It can also be crusading: In the 1990s, the paper went after a flawed police investigation of the racially motivated killing of a Black teenager, Stephen Lawrence, at a London bus stop. It also campaigned, with some success, to curb the use of plastic bags in Britain.
When Mr. Johnson’s aides excluded some journalists from a briefing about the European Union in 2020, The Mail’s reporter joined competitors from other papers in walking out in protest. In an editorial comment that aptly summarized its tough-love approach, The Mail said: “This paper is an avid supporter of all he is trying to achieve. But we cannot be an uncritical friend.”
For all of its strengths, The Mail still gleefully traffics in tabloid fodder. Meghan, Prince Harry’s wife, won a privacy ruling against the Sunday paper for publishing a personal letter she sent her father, Thomas Markle. Its lawyers are appealing.
The Mail’s internal politics are at least as rough-and-tumble as its coverage of national politics — and Mr. Greig, 60, is a battle-scarred veteran of both. Before taking the top job at The Daily Mail in 2018, he was editor of The Mail on Sunday, which often seemed at war with its sister paper. While Mr. Greig inveighed against Brexit, The Daily Mail was a full-throated champion, under Paul Dacre, its longtime editor and an ardent Brexiteer.
“I was surprised at Geordie Greig being made editor, for his Remain views but also his aristocratic educational background,” said Meera Selva, the deputy director of the Reuters Institute for the Study of Journalism at Oxford.
Mr. Greig’s views, however, did not disqualify him with Mr. Harmsworth, 53, who is better known as the Fourth Viscount Rothermere. Executives at the company said Lord Rothermere, whose great-grandfather co-founded The Daily Mail in 1896, wanted Mr. Greig to “detoxify the brand” after years in which banging the drum for Brexit had hurt its reputation with readers and advertisers.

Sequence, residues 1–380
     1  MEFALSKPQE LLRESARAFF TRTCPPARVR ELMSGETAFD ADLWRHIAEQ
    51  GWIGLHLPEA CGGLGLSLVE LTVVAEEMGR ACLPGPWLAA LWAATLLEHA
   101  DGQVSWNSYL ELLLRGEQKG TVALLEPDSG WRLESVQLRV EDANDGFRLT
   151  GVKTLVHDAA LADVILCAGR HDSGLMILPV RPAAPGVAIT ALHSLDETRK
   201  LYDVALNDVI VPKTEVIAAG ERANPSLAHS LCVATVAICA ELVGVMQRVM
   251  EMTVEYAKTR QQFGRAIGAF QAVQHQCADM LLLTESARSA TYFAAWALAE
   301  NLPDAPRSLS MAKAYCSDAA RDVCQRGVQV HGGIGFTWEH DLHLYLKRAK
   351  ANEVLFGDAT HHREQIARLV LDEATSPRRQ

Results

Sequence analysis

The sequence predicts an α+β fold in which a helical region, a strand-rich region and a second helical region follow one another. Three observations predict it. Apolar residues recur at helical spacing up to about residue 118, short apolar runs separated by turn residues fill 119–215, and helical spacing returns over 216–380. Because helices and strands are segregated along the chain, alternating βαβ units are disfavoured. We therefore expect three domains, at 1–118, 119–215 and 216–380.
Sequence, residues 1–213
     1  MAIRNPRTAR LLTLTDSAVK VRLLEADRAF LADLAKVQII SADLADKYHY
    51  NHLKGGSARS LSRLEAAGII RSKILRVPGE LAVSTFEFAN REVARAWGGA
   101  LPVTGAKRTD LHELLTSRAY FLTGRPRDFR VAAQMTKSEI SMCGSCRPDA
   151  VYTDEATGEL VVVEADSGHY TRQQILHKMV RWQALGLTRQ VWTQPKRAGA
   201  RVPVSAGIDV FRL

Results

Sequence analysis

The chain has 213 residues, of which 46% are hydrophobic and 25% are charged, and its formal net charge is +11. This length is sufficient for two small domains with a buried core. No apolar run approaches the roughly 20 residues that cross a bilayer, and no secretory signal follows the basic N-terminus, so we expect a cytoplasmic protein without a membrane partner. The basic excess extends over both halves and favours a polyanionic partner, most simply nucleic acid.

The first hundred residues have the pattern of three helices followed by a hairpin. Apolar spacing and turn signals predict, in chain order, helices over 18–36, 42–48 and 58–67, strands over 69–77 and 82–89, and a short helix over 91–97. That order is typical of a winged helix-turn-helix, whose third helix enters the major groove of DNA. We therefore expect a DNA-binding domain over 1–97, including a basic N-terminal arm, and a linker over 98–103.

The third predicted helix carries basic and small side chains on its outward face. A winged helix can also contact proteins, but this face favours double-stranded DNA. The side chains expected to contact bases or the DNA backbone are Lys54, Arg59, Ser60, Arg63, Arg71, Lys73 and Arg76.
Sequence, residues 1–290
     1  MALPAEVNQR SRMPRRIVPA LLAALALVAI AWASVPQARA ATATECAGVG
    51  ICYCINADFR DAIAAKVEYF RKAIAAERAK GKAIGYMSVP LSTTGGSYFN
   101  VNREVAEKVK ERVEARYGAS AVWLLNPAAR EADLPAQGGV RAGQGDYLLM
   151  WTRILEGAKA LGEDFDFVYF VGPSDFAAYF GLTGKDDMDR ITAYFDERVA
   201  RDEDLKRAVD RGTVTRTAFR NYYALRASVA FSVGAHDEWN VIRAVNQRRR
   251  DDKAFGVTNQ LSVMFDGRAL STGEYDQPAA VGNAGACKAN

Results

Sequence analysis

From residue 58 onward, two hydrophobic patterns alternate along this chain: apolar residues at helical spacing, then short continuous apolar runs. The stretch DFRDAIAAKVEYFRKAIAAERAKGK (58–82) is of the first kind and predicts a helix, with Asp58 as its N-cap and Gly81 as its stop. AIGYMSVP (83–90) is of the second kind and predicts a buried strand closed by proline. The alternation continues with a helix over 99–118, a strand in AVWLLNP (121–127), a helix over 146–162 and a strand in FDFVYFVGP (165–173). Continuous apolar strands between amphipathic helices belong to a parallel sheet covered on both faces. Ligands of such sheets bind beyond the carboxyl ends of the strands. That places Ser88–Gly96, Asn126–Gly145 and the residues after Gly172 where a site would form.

In June 2020, less than two years after Mr. Greig took over, The Mail surpassed Rupert Murdoch’s Sun as Britain’s largest daily, with a circulation of just under one million. But politics poisoned his relationship with Mr. Dacre, who stayed on as editor in chief of the parent company. He publicly criticized his successor for what he described as diluting The Mail’s pro-Brexit DNA.
Mr. Greig declined to discuss his departure, beyond saying that he looked forward to using the skills learned from “my years at The Mail, which I first joined in 1983 as its most junior reporter on the graveyard shift.” In a statement, Lord Rothermere gave no reason for the shake-up. He praised Mr. Greig as a “hugely successful editor” and said Mr. Verity was a “Mail journalist to his core.”
In the end, people inside the company said, Mr. Greig was less a victim of politics than of a power struggle in a changing media empire. Mr. Verity, whose Mail on Sunday was notably softer on Mr. Johnson than The Daily Mail, is an ally of Martin Clarke, who runs Mail Online, the company’s popular, fast-growing website.
Both are close to Mr. Dacre, who suffered a setback of his own last week when he withdrew his name from contention to lead Britain’s communications regulator, Ofcom, despite support from the Johnson government. In a letter to The Times of London, Mr. Dacre said the Civil Service had targeted him because of his right-of-center views, calling it his “infelicitous dalliance with the Blob.”
Lord Rothermere, for his part, is preparing to take the family empire, Daily Mail and General Trust, private. As part of that transition, analysts said, he plans to integrate the daily and Sunday papers, which struggled during the pandemic, and bring Mail Online, which is managed separately, closer to the fold.
“There’s a ‘Game of Thrones’ drama taking place,” said Douglas McCabe, the chief executive of Enders Analysis, a media research firm in London. “But the key story behind it is this profound strategic rethinking of the company.”